All events, including the false one, were first cued with an event title (family vacation, overnight hospitalization) and an age. If subjects couldn't recall the event, they received brief additional cues, such as location or other people involved. After the first interview, subjects were encouraged to continue thinking about the events, but not to discuss them, and to return for a second interview 1 to 7 days after the first.
In the first interview, subjects recalled and described 62 of the 74 true events (84%), and in the second interview, they provided memories for 3 of the 12 events that had not been remembered during the first interview. As for the false events, no subject recalled these during the first interview, but 4 of 20 subjects (20%) incorporated false information in an event description during the second interview. One subject "remembered" that the doctor was a male, but the nurse was female and also a friend from church.
In a second study, Hyman et al. tried to implant three new false events that were rather unusual. The first was attending a wedding reception and accidentally spilling a punch bowl on the parents of the bride. The second was having to evacuate a grocery store when the overhead sprinkler systems erroneously activated. The third was being left in the car in a parking lot and releasing the parking brake, causing the car to roll into something. While the methodology was basically the same as in the first study, there were some minor variations. Instead of beginning by simply cueing subjects with an event title and an age, they were now given more cues at the start (age, event, location, actions, and others involved). In subsequent interviews, the researchers provided only the event title and age, and only when subjects failed to recall the event were additional cues provided. Moreover, the experimental demands were intensified somewhat by, for example, pressures for more complete recall. There were three interviews spaced 1 day apart.
In the first interview, subjects recalled and described 182 of the 205 true events (89%). In the second interview, they provided a bit more information, and by the third interview, they had provided some recall for 95% of the events. During the third interview, subjects provided memories for 13 of the 23 true events that had not been remembered during the first interview. As for the false events, again no subject recalled these during the first interview, but 13 (25%) did so by the third interview. For example, one subject had no recall of the wedding "accident," stating "I have no clue. I have never heard that one before." By the second interview, the subject said "... It was an outdoor wedding and I think we were running around and knocked something over like the punch bowl or something and made a big mess and, of course, got yelled at for it."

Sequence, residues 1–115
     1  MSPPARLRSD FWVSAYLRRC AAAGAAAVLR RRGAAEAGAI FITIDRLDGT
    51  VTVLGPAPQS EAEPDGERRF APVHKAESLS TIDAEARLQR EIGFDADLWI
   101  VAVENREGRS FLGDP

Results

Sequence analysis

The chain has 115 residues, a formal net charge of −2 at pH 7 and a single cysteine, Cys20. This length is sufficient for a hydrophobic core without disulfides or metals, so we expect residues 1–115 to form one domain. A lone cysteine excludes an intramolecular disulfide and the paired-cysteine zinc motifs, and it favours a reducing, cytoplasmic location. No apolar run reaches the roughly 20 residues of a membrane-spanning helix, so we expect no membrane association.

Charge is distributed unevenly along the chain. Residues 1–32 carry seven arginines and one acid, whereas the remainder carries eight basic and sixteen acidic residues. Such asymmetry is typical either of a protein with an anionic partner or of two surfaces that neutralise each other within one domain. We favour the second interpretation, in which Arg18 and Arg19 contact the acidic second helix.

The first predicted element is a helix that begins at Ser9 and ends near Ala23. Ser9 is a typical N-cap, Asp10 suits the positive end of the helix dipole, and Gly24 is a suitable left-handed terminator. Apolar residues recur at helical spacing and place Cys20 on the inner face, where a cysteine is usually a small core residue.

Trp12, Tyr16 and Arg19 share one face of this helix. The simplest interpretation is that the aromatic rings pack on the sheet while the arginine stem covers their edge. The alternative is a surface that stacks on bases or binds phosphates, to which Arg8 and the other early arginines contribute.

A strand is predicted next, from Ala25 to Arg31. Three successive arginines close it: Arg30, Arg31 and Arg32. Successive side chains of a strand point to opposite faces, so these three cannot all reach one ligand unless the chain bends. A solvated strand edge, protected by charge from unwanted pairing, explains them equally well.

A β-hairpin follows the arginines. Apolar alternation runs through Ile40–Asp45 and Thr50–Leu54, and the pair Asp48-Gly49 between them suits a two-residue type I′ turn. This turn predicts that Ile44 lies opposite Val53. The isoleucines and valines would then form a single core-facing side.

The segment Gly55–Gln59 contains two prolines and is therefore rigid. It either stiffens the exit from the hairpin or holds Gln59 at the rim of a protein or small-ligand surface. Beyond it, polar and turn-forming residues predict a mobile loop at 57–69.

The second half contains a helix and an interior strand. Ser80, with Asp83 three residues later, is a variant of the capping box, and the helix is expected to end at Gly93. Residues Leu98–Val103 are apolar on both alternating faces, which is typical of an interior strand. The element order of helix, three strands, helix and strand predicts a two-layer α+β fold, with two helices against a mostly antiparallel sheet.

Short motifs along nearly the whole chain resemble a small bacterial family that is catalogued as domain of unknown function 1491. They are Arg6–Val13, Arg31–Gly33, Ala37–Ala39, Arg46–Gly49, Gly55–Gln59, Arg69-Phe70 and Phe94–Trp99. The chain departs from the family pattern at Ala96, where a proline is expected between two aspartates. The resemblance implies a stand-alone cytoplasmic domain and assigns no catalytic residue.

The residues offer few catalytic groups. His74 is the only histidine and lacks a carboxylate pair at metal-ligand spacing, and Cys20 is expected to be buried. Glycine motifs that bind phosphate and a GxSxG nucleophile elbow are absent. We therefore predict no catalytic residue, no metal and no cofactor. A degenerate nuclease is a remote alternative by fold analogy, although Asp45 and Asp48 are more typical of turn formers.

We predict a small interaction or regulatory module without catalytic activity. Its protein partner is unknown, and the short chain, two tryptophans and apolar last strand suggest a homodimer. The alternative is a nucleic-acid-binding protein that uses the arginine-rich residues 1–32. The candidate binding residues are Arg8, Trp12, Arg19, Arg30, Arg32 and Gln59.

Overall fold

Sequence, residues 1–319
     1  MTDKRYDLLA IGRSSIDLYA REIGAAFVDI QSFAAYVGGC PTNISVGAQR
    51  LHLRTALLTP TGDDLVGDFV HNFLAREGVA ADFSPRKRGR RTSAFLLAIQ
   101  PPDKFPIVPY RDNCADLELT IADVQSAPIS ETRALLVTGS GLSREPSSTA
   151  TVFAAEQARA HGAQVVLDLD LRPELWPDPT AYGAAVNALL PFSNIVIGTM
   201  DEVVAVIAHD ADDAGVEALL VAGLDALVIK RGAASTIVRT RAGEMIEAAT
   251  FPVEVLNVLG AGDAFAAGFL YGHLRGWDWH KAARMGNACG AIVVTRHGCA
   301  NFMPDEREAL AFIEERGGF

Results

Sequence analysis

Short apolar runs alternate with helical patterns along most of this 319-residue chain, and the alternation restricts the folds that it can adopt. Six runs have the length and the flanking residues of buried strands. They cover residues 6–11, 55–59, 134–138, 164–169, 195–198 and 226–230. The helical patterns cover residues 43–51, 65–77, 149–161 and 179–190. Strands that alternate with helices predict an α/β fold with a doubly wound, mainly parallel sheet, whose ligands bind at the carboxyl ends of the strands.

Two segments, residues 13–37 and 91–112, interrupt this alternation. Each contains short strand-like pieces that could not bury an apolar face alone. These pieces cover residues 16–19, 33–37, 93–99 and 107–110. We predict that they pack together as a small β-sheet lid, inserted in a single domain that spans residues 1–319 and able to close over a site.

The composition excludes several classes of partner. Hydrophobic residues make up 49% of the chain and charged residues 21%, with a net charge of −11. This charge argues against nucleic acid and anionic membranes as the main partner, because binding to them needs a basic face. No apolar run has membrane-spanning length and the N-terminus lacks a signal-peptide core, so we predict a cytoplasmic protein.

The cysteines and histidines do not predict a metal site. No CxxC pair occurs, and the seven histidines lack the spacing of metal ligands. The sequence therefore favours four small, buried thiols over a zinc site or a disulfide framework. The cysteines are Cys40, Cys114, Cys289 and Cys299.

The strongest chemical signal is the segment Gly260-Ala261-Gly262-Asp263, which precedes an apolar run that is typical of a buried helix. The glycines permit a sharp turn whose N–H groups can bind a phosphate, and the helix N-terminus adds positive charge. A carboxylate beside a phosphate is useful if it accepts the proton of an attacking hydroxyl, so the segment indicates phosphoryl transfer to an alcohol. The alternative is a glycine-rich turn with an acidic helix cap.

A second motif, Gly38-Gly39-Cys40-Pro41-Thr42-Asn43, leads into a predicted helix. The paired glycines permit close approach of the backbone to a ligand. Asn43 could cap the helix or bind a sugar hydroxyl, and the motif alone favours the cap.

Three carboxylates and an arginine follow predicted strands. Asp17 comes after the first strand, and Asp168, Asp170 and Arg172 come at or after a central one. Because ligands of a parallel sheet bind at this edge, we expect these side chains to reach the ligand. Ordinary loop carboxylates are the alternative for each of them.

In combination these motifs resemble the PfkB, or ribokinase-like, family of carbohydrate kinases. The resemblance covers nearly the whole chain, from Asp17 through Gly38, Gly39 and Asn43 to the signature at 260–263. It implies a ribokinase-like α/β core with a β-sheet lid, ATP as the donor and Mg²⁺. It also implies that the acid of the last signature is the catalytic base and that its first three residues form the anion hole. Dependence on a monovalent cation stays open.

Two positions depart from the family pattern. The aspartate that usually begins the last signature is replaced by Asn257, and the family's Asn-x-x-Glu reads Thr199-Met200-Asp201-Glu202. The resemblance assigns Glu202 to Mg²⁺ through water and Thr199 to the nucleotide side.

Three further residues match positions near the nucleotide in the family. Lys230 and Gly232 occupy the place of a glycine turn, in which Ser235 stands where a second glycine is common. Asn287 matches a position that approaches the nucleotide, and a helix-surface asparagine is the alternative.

These results show that people will create false recalls of childhood experiences in response to misleading information and the social demands inherent in repeated interviews.9'10 The process of false recall appeared to depend, in part, on accessing some relevant background information. The authors hypothesized that some form of schematic reconstruction may account for the creation of false memories. What people appear to do, at the time they encounter the false details, is to call up schematic knowledge that is closely related to the false event. Next, they think about the new information in conjunction with the schema, possibly storing the new information with that schema. Now, when they later try to remember the false event, they recall the false information and the underlying schema. The underlying schema is helpful for supporting the false event - it adds actual background information and provides the skeletal or generic scenes.
Creation of false memories in this manner can be viewed as a form of source confusion as described by Schacter and Curran.11 The false event is assumed to be a personal memory rather than an event presented by the researchers as ostensibly coming from the parent. Schacter and Curran's patient, B.G., came to "remember" words that were never studied, probably because these words were represented in his long-term memory prior to the experiment and this pre-experimental familiarity was wrongly used as evidence that the word had recently appeared. Similarly, some elements of the false memories created by us, and by Hyman and colleagues, are represented in long-term memory prior to the experiment. This pre-experimental familiarity can be wrongly used as evidence that the false event actually happened.
Nearly two decades of research on memory distortion leaves no doubt that memory can be altered via suggestion. People can be led to remember their past in different ways, and they can even be led to remember entire events that never actually happened to them. When these sorts of distortions occur, people are sometimes confident in their distorted or false memories, and often go on to describe the pseudomemories in substantial detail. These findings shed light on cases in which false memories are fervently held - as in when people remember things that are biological or geographically impossible. The findings do not, however, give us the ability to reliably distinguish between real and false memories, for without independent corroboration, such distinctions are generally not possible.